EDITORI GOOD POSTS

How to become happy

How to become happyHappiness can be hard to quantify. What does it mean to be happy? How do I become a happier person? These are questions that can be difficult to answer because different people find happiness in different things. Depending on our culture, or how we grew up, we have certain values that equate happiness to some arbitrary action or object.

I will briefly tell you some tips on how to become happy

EXERCISE FOR BEGINNERS

How to become happy??? Take a walk around the block every night after dinner.Sign up for a beginner’s class in yoga or tai chi.Start your day with 5 minutes of stretching. Here’s a set of stretches to get you started.
Remind yourself of any fun activities you once enjoyed, but that have fallen by the wayside. Or activities you always wanted to try, such as golf, bowling, or dancing.

Smile

We smile because we’re happy, and smiling causes the brain to release dopamine, which makes us happier. That doesn’t mean you have to go around with a fake smile plastered on your face all the time. But the next time you find yourself feeling low, crack a smile and see what happens. Or try starting each morning by smiling at yourself in the mirror.

Get plenty of sleep

Most adults need about 7 or 8 hours of sleep every night. If you find yourself fighting the urge to nap during the day or just generally feel like you’re in a fog, your body may be telling you it needs more rest.

Here are a few tips to help you build a better sleep routine:

How-to-ecome-happy650x433
Happy woman standing with her back on the sunset in nature in summer with open hands

Write down how many hours of sleep you get each night and how rested you feel. After a week, you should have a better idea how you’re doing.
Go to bed and wake up at the same time every day, including weekends.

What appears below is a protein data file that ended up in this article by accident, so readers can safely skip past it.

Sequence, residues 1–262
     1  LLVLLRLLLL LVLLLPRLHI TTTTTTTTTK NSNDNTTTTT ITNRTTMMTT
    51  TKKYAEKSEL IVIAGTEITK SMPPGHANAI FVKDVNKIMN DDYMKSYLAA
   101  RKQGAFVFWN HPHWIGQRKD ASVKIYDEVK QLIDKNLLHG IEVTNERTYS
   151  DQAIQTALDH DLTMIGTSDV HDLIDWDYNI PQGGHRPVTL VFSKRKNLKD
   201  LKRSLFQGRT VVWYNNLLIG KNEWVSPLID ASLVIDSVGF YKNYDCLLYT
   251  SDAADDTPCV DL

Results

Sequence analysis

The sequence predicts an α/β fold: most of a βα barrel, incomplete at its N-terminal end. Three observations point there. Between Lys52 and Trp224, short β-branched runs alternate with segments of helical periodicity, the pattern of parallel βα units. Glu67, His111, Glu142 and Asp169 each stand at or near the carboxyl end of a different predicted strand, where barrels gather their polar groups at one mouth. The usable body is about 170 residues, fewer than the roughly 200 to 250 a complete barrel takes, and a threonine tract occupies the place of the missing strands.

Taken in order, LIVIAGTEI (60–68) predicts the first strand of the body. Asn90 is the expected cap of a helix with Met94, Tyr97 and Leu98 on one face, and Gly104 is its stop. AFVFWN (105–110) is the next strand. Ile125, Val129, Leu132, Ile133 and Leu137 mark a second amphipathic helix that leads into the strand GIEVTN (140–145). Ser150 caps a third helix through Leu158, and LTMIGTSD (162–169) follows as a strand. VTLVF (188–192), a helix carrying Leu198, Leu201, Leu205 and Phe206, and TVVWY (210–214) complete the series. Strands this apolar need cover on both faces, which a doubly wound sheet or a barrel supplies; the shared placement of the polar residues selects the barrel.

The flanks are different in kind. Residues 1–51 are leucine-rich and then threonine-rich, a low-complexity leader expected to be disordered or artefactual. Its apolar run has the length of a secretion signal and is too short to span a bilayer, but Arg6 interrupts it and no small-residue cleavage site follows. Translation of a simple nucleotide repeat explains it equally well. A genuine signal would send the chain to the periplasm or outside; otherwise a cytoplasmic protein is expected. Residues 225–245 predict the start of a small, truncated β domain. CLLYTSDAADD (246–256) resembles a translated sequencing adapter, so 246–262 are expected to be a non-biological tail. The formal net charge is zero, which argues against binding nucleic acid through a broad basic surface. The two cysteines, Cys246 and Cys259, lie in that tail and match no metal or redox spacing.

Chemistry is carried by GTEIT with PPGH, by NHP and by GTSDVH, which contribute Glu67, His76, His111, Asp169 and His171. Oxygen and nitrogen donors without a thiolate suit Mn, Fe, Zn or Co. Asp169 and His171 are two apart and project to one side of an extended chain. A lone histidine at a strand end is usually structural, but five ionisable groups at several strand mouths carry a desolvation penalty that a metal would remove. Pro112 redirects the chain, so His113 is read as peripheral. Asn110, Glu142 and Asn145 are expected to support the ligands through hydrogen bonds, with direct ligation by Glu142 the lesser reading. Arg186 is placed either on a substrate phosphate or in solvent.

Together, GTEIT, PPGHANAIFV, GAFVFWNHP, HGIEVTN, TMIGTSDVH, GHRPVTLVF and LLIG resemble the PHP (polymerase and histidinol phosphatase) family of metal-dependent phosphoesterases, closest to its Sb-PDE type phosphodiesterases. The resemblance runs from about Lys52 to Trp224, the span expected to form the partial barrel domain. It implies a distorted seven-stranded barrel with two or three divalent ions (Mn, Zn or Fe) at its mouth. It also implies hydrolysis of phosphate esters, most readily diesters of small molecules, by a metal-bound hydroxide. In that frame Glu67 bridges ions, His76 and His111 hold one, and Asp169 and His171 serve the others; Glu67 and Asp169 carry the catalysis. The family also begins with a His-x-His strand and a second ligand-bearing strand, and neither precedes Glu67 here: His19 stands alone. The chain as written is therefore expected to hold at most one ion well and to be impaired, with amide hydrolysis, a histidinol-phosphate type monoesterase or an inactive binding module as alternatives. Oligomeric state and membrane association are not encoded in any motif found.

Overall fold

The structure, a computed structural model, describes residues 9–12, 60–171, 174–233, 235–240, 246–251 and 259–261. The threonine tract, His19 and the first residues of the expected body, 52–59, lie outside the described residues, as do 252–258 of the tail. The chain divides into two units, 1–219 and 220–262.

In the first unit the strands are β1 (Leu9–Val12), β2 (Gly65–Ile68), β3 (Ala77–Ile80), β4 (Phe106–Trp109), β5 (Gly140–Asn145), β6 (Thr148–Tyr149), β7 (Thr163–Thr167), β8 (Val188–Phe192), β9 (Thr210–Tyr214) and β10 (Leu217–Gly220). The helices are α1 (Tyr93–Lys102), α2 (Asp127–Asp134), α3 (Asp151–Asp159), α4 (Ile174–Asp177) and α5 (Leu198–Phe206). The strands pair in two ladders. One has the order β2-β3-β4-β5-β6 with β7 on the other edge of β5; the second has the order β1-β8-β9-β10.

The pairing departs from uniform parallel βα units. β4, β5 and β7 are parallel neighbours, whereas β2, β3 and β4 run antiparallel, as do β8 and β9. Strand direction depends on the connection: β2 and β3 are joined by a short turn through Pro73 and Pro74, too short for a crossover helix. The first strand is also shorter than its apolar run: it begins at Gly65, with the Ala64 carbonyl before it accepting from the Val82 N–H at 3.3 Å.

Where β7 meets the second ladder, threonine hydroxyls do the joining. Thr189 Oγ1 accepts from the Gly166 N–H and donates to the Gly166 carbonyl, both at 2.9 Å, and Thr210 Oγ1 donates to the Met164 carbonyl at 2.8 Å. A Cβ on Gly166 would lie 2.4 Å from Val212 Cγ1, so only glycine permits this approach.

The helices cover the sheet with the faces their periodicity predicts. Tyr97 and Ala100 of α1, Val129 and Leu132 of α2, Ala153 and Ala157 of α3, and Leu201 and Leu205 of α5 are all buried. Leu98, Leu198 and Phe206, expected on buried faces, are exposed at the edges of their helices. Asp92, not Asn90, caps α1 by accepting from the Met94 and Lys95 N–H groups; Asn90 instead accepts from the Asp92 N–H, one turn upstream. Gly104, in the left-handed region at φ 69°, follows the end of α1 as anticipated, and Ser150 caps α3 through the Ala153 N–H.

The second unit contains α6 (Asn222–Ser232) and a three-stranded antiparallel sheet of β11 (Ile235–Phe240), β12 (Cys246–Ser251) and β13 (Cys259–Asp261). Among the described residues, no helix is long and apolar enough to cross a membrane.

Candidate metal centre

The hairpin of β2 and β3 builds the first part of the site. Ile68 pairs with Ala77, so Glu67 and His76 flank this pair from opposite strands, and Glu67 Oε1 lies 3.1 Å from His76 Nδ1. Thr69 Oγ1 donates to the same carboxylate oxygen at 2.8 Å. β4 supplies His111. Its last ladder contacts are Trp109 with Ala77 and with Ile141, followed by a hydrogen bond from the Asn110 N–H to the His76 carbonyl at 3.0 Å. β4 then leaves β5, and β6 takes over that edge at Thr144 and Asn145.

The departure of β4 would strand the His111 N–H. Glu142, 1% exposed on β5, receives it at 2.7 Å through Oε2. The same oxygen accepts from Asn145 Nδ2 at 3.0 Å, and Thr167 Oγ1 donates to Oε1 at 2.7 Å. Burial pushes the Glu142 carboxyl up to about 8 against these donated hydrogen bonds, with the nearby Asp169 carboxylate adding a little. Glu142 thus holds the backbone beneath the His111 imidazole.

Reserve the hour before bed as quiet time. Take a bath, read, or do something relaxing. Avoid heavy eating and drinking.
Keep your bedroom dark, cool, and quiet.
Invest in some good bedding.
If you have to take a nap, try to limit it to 20 minutes.

Breathe deeply

  1. Close your eyes. Try to envision a happy memory or beautiful place.
  2. Take a slow, deep breath in through your nose.
  3. Slowly breathe out through your mouth or nose.
  4. Repeat this process several times, until you start to feel yourself calm down.

If you’re having a hard time taking slow, deliberate breaths, try counting to 5 in your head with each inhale and exhale.

Acknowledge the unhappy moments

A positive attitude is generally a good thing, but bad things happen to everyone. It’s just part of life.

If you get some bad news, make a mistake, or just feel like you’re in a funk, don’t try to pretend you’re happy.

Acknowledge the feeling of unhappiness, letting yourself experience it for a moment. Then, shift your focus toward what made you feel this way and what it might take to recover.

Would a deep breathing exercise help? A long walk outside? Talking it over with someone?

Let the moment pass and take care of yourself. Remember, no one’s happy all the time.

 See friends

Humans are social beings, and having close friends can make us happier.

Who do you miss? Reach out to them. Make a date to get together or simply have a long phone chat.

In adulthood, it can feel next to impossible to make new friends. But it’s not about how many friends you have. It’s about having meaningful relationships — even if it’s just with one or
two people.

Try getting involved in a local volunteer group or taking a class. Both can help to connect you with like-minded people in your area. And chances are, they’re looking for friends, too.

Companionship doesn’t have to be limited to other humans. Pets can offer similar benefits, according to multiple studies.

Love animals but can’t have a pet? Consider volunteering at a local animal shelter to make some new friends — both human and animal.

Let go of grudges

Sometimes, offering forgiveness or dropping a grudge is more about self-care than compassion for others.

Take stock of your relationships with others. Are you harboring any resentment or ill will toward someone? If so, consider reaching out to them in an effort to bury the hatchet.

This doesn’t have to be a reconciliation. You may just need to end the relationship and move on.

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